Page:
Case Report

On pump beating heart mitral valve replacement with protection of the mitral leaflets in poor ventricle patients

10.15511/ejcm.13.00250

  • Ferit Çiçekcioğlu
  • Veysel Başar
  • Alaa Hijazi
  • Emir Erol
  • Ufuk Tütün
  • Zeki Çatav

Received Date: 25.01.2013 Accepted Date: 11.04.2013 EJCM 2013;1(2):50-53

Mitral valve replacement (MVR) in patients with severe mitral regurgitation and poor ventricle has a high mortality and morbidity. For such patients if mitral valve repair is not possible MVR can be performed with partial or complete protection of the mitral leaflets. Herein we report 2 patients with severe mitral regurgitation and poor ventricle (EF 20%– 25%). MVR was performed by complete protection of the both anterior and posterior mitral leaflets and using the on-pump beating heart technique.Levosemindan was administered to one of the patients on induction of anesthesia. Weaning from cardiopulpunary bypass was uneventful for the both patients. The postoperative course of the 2 patients was uneventful and they were discharged on the 5th and 6th days.

Keywords: Heart valve surgey, levosemindan, cardiopulmonary bypass

Introduction

Mitral valve surgery by using CPB in the functioning heart provides advantages in protecting cardiac functions especially in patients with reduced ventricle function, and its use recently is increasing. In patients with limited cardiac reserves, substantial morbidity and mortality increase is seen in the operations performed with arrest. Cardiac functions might be better protected with CPB guidance in the functioning heart in patients with reduced ventricle function. As cardioplegia solution is not given in the mitral valve surgery performed with CPB guidance in the functioning heart, the patient will be protected from myocardial reperfusion injury, and coronary perfusion continues. Thereby, normal cardiac physiology can be maintained with normothermic coronary perfusion.(1)

Protection of functions and geometry of left ventricle by the performed cardiac surgery is highly important. In this regard, protection of subvalvular apparatus is also highly important. Protection of subvalvular apparatus has been reported to decrease early-period mortality-morbidity and to improve the long-term survival and functional capacity.(2,3)

Levosimendan is a novel positive inotrope drug which can increase contractility without increasing intracellular calcium level and oxygen consumption, and which can be used in postoperative patients who have difficulties in getting out of CPB with decompensated cardiac failure.(4) We also used prophylactic Levosimendan to facilitate getting out of CPB in one of these patients.


Case Report 1

60-Year-old male patients admitted to our clinic with the complaints of shortness of breath, palpitation, getting tired quickly and chest pain. The patient had these complaints for nearly ten years, and as their severity increased recently; he undergone an echocardiography (EKO) in an external center, and grade 3-4 mitral regurgitation was detected. The patient had no known history, and he had inguinal hernia comorbidity. In the physical examination, blood pressure was 110/70mmHg, pulse was 80/min and arrhythmic. He had 5/6 systolic murmur in apex with auscultation. He had rales in the bilateral basal parts of the lungs with auscultation. The patient’s NYHA functional capacity was III. Cardiac rhythm was in atrial fibrillation in electrocardiogram. In the telecardiogram, he had mild loading findings in basal zones of bilateral lungs, and cardiomegaly.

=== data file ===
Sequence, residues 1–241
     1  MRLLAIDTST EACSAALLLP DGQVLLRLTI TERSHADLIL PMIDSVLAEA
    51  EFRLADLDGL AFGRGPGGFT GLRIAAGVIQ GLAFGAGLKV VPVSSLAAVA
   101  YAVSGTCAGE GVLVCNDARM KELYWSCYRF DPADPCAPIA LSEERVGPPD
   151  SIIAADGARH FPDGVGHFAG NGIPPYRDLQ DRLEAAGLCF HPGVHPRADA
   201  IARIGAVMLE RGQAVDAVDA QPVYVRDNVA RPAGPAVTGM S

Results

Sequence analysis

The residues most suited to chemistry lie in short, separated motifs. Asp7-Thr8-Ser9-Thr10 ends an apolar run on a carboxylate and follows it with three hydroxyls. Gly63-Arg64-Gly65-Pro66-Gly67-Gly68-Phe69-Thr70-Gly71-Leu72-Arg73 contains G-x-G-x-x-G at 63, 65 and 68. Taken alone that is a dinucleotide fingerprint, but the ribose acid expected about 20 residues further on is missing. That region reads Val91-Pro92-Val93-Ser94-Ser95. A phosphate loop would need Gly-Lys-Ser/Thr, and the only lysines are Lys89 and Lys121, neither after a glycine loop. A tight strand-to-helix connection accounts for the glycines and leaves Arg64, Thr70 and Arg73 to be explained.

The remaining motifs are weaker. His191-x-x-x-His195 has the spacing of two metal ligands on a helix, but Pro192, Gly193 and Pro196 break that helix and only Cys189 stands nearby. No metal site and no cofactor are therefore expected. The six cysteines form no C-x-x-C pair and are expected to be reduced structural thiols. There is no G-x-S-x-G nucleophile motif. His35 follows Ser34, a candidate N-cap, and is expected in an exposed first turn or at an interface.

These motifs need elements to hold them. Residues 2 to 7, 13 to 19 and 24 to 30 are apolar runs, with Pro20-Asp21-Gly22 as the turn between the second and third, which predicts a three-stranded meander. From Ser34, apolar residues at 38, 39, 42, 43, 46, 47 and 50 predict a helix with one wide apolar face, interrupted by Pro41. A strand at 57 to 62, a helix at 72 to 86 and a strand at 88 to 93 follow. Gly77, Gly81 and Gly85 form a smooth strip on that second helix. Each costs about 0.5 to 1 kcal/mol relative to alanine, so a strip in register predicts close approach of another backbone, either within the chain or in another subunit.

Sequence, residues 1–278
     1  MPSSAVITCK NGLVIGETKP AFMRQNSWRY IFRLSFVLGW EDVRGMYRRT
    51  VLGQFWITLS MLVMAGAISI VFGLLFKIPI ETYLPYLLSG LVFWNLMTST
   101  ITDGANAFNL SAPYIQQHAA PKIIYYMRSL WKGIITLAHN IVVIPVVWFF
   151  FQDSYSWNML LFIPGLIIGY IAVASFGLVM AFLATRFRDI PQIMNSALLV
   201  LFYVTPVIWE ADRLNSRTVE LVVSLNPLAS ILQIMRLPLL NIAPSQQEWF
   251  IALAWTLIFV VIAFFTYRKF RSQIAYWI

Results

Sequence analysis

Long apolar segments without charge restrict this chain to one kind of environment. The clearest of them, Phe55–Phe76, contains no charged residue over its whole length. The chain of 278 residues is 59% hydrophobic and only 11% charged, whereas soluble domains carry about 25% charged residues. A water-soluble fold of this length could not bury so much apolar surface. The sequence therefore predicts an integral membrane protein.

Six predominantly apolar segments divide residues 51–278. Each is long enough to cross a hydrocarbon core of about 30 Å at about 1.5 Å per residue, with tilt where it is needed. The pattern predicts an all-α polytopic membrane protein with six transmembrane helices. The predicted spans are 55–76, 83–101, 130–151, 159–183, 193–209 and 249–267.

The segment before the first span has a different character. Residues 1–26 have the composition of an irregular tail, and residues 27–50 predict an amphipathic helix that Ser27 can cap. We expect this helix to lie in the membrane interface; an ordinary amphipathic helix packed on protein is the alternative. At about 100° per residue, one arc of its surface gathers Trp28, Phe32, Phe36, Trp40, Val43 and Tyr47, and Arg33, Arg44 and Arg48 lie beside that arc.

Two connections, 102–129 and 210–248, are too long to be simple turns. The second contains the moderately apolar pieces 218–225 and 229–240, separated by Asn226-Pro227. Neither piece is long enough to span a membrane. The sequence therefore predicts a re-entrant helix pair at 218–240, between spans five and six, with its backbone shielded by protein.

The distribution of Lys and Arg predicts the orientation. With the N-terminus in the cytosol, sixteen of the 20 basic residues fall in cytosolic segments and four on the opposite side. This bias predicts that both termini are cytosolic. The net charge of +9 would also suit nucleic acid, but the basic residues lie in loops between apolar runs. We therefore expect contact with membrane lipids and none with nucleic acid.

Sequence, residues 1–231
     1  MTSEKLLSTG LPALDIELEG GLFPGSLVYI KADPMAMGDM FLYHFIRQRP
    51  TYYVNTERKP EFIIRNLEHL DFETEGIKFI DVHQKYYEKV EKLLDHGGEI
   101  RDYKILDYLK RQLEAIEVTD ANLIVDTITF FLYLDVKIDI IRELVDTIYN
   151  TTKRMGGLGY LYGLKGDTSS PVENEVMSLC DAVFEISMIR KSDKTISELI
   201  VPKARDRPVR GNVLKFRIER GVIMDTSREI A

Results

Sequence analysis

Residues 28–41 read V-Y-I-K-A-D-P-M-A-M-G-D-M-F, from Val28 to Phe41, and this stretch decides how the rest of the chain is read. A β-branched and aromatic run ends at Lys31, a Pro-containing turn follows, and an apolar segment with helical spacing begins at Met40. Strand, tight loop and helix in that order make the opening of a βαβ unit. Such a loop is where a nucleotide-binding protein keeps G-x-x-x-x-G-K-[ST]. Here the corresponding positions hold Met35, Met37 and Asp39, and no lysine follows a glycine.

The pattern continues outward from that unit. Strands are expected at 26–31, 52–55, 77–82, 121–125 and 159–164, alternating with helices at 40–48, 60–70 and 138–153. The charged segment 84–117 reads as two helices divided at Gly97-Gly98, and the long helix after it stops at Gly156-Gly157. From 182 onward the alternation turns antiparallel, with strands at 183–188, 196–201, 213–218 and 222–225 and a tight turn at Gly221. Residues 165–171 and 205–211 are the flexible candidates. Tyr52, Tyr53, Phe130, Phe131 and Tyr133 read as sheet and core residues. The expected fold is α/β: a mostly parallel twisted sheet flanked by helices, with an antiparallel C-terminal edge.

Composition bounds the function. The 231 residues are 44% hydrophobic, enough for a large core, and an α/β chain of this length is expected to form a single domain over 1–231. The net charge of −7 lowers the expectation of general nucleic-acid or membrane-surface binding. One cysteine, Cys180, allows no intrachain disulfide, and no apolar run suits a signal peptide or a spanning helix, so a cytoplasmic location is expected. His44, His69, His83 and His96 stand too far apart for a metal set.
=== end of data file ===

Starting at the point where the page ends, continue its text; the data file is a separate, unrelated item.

In EKO, he had grade 3-4 eccentric severe mitral regurgitation, ejection fraction: 25%, left ventricular end diastolic diameter: 7.0 cm, left ventricular end systolic diameter: 6.5 cm, left atrium: 6.7 cm, and diffuse hypokinetic areas were present in left and right ventricles. Also pulmonary arterial pressure of the patient with grade 2 tricuspid regurgitation was measured to be 50 mmHg. In the coronary angiography, coronary arteries were assessed to be normal. No pathology was detected in the patient’s routine blood work-up.

When the patient was taken for operation with these findings, in addition to anesthesia induction, Levosimendan was initiated as 12 microgram/kg/min bolus, followed by 24-hour-infusion at 0.1microgram/kg/min. Following median sternotomy, standard aorto-bicaval cannulation was performed. CPB was initiated, cooling was not performed and cross-clamp was not put. In the normothermic functioning heart, mitral valve was reached with left atriotomy when patient was in upside-down position and aortic vent was at maximum vent. Anterior leaflet was thickened, fibrotic, and had prolapse, posterior leaflet was fibrotic and not suitable for repair. MVR was performed with 27 no St. Jude medical mechanical valve with individual pledgeted sutures by protecting the whole subvalvular apparatus (anterior and posterior leaflets were freed, and then fixed to annulus with pledgeted sutures to provide orifice, and ventricle geometry was preserved by protecting chordas).

Left atriotomy was closed, deairing was performed, cardiopulmonary bypass was ended without problems with 5 mcg dopamine and levosimendan infusion. Decannulation was completed without problems, and the patient’s operation was completed without any complication. The patient’s CPB duration was 80min, and operation duration was 160min. There was no problem during postoperative follow-up. He woke-up at the postoperative 3rd hour, no cerebrovascular event occurred, and he was extubated in the 15th hour. The patient was hemodynamically stable during intensive care follow-ups. He was taken into normal ward on postoperative day 1. As there was no problem in the routine work-up during postoperative period, and the patient was discharged with recovery at post-op. day 5.


Case Report 2